The Boy Behind the Wardrobe

Hear that sound? That loud calliope is the C.S. Lewis bandwagon, rolling across America with the new-found popularity of The Lion, the Witch and the Wardrobe. Millions of people who have never cracked one of his books have climbed on board, marveling at the mind of such an inventive storyteller.

To celebrate his birthday – on November 29 – I’d like to give you a peek into his childhood. What laid the foundation for his astounding imagination?

From his autobiography, Surprised by Joy, I’ve culled a number of ingredients that prepared him to be one of the foremost thinkers and best-loved writers of the 20th century. However, space here only allows for a quick overview.

Clive Lewis, called Jacksie, then Jack as a boy, spent his boyhood in a large, old house in Ireland, with plenty of space for rambling inside and out. Often alone, Jack took refuge in drawing and making stories. And his favorite subject was talking animals.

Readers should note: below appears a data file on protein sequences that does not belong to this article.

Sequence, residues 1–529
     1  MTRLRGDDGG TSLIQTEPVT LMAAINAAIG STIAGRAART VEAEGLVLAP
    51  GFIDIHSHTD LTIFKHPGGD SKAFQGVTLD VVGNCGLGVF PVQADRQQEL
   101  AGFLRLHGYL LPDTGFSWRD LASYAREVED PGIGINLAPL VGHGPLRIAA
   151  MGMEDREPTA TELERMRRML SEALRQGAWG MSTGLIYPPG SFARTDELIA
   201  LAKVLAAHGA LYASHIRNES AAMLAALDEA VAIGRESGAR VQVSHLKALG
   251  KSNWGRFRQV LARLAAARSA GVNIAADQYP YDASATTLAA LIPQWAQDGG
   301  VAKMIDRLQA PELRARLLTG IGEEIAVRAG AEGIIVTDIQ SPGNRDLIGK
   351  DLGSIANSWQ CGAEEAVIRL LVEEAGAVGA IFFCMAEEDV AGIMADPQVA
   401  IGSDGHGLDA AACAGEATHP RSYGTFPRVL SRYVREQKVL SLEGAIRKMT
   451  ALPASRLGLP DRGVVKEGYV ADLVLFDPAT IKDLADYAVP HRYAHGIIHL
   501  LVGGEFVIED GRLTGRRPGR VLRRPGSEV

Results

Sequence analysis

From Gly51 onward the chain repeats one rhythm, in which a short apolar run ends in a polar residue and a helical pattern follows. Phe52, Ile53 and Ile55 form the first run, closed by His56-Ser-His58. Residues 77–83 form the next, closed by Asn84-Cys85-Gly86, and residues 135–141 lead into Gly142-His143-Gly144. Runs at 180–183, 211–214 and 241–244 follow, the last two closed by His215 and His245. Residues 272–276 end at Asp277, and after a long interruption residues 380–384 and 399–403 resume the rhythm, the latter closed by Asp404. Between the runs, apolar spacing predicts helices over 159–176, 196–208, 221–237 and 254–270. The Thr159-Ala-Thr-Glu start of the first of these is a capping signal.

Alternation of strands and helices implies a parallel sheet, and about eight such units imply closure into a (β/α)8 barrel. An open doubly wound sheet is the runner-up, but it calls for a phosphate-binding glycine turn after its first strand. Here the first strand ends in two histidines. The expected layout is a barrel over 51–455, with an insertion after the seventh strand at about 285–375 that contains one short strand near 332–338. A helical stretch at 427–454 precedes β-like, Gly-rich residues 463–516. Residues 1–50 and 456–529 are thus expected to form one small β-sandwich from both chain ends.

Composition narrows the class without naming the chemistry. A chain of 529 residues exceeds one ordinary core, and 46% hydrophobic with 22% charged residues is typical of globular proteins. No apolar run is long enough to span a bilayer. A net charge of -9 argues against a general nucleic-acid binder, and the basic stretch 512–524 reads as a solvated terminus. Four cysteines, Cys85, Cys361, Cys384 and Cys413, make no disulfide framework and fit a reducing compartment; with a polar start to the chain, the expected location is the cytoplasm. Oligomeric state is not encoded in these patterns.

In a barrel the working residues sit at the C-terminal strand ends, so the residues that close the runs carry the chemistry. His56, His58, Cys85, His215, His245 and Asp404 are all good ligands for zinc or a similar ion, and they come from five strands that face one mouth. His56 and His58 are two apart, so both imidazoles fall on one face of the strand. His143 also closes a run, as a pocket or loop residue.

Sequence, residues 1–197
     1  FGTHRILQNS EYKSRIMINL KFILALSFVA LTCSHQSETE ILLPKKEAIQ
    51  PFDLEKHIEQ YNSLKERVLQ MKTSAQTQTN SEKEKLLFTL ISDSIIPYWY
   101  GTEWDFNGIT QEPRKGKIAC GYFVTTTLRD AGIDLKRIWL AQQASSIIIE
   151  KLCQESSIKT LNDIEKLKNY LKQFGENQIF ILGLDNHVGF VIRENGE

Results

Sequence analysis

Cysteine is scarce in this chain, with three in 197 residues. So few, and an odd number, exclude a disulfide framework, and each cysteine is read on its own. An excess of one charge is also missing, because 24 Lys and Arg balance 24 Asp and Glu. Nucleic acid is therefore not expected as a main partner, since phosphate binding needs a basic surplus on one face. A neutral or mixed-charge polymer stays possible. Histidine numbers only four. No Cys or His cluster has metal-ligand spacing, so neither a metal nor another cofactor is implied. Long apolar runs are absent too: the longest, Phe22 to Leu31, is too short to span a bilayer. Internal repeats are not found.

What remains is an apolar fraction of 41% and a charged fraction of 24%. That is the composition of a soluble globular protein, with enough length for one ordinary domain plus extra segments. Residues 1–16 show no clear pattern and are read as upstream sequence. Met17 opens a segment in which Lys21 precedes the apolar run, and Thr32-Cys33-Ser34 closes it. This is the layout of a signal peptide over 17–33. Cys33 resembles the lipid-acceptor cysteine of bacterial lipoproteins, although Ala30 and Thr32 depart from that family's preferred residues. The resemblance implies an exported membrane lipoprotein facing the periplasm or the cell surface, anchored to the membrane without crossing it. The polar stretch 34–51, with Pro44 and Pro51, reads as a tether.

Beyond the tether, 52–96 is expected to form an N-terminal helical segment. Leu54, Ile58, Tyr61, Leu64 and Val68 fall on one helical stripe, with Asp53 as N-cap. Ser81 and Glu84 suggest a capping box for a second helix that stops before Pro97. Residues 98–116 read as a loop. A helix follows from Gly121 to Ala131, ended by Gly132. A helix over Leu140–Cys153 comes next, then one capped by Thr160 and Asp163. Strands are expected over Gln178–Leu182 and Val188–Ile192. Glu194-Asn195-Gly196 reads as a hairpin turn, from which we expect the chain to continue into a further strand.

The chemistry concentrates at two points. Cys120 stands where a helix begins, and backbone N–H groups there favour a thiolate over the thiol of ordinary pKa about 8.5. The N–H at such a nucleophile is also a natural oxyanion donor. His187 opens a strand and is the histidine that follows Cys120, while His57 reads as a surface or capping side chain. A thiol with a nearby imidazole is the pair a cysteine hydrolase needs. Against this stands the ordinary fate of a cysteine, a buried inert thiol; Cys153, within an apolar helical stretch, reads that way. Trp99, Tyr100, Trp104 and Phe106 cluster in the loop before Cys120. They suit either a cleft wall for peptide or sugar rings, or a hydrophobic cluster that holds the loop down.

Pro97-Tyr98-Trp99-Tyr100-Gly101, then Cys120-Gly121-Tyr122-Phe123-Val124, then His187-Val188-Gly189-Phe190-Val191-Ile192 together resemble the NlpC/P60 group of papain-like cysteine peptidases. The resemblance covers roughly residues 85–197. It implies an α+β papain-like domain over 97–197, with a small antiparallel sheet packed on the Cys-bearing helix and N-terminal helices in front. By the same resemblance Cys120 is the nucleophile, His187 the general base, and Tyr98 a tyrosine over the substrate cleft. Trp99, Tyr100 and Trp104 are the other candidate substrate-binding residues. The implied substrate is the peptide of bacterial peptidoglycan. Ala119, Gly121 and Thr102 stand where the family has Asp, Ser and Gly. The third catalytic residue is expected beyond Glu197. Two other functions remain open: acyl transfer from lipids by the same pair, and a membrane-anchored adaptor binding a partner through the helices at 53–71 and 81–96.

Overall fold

Narnia, you say? Not yet. In his boyish imaginings, it was called Animal-Land. But it was Narnia in the making. For Jack was disciplining his creative mind to do more than simply doodle or sketch out an idea or two. He was creating a world. Looking back, he credits that focused imagination as the key to becoming a creative adult (which apparently is not an oxymoron after all). “In my daydreams I was training myself to be a fool,” he writes, “in mapping and chronicling Animal-Land I was training myself to be a novelist.”

There is a need for children to daydream, but I appreciate what Lewis is pointing out. To be creative, one must put ideas into a form that can be communicated. And it often takes hard work. I read many children’s hastily written stories that show real promise, but it’s promise unfulfilled. It’s a rare child who commits to truly develop an idea, who comes back again and again to add onto, to edit, to re-invent a story. But it takes that kind of commitment to make something as rich and deep as Narnia.

I wish I could expand on the other themes. Alas, my wardrobe here is a bit snug. But in all good wardrobes, there is a way through to someplace else, where things imagined can take shape.

Bruce Van Patter

all material ©2006 Bruce Van Patter